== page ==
6. Vitamins can lower the risk of heart disease

There is no proof that taking vitamin supplements can lower the risk of heart disease, despite the fact that most vitamins, when taken in the prescribed doses, are unlikely to be harmful for heart health. Furthermore, they cannot substitute for a balanced diet and frequent exercise.

A systematic review and meta-analysis, for instance, searched for links between multivitamin and mineral supplements and a range of cardiovascular events, such as coronary heart disease and stroke.

Including 2,019,862 participants, the analysis used information from 18 previously conducted studies and was published in 2018Trusted Source.

Multivitamin and mineral supplementation “does not improve cardiovascular outcomes in the general population,” according to the authors’ conclusion.

There are no short cuts in nutrition; supplements cannot take the place of a nutritious diet, according to Victoria Taylor, nutrition lead at the British Heart Foundation. We don’t advise individuals to use multivitamins to help avoid heart and circulation problems, even though a doctor could prescribe one for you for another reason.

7. I’ve been smoking for years, so there’s no purpose in quitting now.

This is untrue. One of the main causes of heart disease is cigarette usage. The advantages to one’s health start the moment they quit smoking. According to the National Institute on AgingReliable Source:

No matter your age or how long you’ve smoked, giving up the habit at any time is good for your health. You’ll probably live longer, breathe easier, have more energy, and save money when you stop.

Additionally, they mention that you’ll have better circulation and have a lesser risk of heart attack and stroke.

8. Heart attack and cardiac arrest share the same symptoms

Cardiac arrests and heart attacks are not the same thing. A heart attack is an issue with circulation. It happens when the coronary artery, which supplies the heart’s muscles with oxygenated blood, becomes clogged.

A cardiac arrest is a “electrical issue” in which the heart fails to adequately pump blood throughout the body. Heart attacks frequently result in cardiac arrests.

An individual is likely to be cognizant throughout a heart attack. The majority of the time, individuals are not cognizant during a cardiac arrest. Both involve medical emergencies.

9. During a heart attack, coughing can save your life.

According to some accounts, performing “cough CPR” during a heart attack can help save your life.

This is a misrepresentation on the internet of a research published more than 40 years ago, Trusted Source, which demonstrated that patients who experienced a cardiac arrest during an arteriography in a hospital and coughed every 1-3 seconds remained aware for an extra 39 seconds.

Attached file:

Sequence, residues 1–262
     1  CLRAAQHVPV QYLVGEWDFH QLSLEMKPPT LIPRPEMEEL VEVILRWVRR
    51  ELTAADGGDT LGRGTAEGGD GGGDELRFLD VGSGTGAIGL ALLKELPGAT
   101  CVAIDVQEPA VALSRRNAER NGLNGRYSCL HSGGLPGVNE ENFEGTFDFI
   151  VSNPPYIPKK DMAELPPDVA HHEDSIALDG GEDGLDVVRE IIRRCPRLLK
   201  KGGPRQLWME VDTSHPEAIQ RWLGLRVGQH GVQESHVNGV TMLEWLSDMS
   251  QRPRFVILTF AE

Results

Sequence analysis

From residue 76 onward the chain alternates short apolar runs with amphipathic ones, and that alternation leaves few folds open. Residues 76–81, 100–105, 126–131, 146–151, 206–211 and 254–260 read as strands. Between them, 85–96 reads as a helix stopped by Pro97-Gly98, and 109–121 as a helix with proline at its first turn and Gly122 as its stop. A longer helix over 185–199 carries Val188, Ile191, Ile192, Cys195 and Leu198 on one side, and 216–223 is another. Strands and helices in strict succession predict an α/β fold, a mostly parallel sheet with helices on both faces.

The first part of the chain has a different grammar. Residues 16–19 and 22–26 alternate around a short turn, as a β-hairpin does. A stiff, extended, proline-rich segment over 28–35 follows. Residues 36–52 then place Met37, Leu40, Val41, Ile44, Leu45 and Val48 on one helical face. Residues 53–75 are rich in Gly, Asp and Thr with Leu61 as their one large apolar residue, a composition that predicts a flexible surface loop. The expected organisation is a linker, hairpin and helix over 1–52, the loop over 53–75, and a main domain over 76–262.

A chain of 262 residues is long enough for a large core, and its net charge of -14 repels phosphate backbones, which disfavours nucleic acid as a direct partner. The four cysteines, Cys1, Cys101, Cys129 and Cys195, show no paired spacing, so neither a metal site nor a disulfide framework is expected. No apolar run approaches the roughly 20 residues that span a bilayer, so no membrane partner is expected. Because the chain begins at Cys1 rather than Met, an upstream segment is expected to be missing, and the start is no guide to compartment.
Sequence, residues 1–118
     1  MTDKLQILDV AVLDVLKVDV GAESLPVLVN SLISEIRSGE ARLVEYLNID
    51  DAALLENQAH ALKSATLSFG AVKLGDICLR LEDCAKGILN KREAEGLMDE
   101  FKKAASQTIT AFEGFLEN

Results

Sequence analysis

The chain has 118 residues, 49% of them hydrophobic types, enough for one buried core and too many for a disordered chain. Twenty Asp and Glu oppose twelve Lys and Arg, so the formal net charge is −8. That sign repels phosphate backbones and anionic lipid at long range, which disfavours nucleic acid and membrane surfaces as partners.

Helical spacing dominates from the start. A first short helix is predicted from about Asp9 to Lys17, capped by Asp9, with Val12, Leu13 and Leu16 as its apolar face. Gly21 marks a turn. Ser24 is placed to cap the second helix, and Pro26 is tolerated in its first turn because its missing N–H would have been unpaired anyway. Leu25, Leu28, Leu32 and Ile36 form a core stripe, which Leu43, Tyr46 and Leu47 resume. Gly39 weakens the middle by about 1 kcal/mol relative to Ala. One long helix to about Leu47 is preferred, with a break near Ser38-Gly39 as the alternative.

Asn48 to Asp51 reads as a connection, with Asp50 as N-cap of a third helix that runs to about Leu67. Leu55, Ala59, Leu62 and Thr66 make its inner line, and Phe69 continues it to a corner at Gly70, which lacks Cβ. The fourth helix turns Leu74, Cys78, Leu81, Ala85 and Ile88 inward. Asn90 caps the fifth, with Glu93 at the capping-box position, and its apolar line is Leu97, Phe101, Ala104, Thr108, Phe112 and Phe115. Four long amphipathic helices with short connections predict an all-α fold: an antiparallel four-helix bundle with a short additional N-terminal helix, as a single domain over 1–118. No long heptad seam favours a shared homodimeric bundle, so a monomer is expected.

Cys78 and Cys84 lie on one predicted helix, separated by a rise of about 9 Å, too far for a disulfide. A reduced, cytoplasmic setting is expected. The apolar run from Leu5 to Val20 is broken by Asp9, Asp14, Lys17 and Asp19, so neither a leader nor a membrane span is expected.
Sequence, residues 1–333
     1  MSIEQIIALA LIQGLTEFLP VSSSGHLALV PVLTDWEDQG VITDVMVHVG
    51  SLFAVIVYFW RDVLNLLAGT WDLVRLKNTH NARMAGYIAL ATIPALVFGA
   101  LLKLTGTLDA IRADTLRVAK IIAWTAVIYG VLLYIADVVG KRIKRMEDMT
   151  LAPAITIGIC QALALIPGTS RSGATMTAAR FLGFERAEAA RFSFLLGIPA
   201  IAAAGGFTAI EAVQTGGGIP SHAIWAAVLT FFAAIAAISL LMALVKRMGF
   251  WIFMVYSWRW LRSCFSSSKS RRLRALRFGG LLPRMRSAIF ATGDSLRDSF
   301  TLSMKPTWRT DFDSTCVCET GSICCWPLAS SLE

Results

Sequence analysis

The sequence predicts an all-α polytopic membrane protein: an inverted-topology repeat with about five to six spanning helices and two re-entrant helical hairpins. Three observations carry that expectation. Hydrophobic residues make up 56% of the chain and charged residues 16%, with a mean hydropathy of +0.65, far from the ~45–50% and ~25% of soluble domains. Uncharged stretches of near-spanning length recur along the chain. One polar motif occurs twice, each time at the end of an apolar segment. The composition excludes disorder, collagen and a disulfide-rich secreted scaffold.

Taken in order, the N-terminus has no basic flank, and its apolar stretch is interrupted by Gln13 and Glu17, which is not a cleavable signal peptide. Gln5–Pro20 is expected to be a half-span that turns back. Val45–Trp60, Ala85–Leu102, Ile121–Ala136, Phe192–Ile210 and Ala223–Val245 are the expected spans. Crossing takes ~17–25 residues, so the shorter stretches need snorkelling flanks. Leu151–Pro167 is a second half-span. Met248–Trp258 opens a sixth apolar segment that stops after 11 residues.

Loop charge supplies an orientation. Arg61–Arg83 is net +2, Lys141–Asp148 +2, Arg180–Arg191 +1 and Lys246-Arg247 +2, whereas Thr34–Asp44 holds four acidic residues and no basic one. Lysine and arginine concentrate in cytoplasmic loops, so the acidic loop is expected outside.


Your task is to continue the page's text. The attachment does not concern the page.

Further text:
For heart attacks that are not brought on by medical treatments, there is no proof that this method is effective in the general population.

Senior cardiac nurse Christopher Allen said the following:

“Calling [the emergency services] should be your top priority if you believe you or someone else is having a heart attack.” In this manner, paramedics can evaluate you, assist you, and hasten your arrival at the hospital. There is no scientific support for “cough CPR.”

10. Consuming only fat should be avoided by people with heart problems.

Saturated fats, which are present in foods like butter, biscuits, bacon, and sausages, as well as partly hydrogenated and trans fats, which are present in foods like baked goods, frozen pizzas, and microwave popcorn, should definitely be reduced in intake by someone with cardiovascular disease.

Unsaturated fats, however, can be advantageous. For instance, there is some proof that the polyunsaturated fatty acid omega-3 may safeguard heart health.

According to the American Heart Association, individuals should consume fish (especially fatty fish) at least twice each week. Fish has a low saturated fat content and is a rich source of protein. Eicosapentaenoic acid and docosahexaenoic acid, two types of omega-3 fatty acids that have been demonstrated to be cardioprotective, are abundant in fish, especially oily species like mackerel, lake trout, herring, sardines, albacore tuna, and salmon.

They also advise consuming omega-3 fatty acids derived from plants. These can be found in canola oil, walnuts, flaxseeds, and their oils, as well as tofu and other types of soybeans.

What to remember

Although it is widespread, heart disease is not unavoidable. Regardless of our age, there are lifestyle modifications that we can all make to lower the risk of having cardiovascular issues.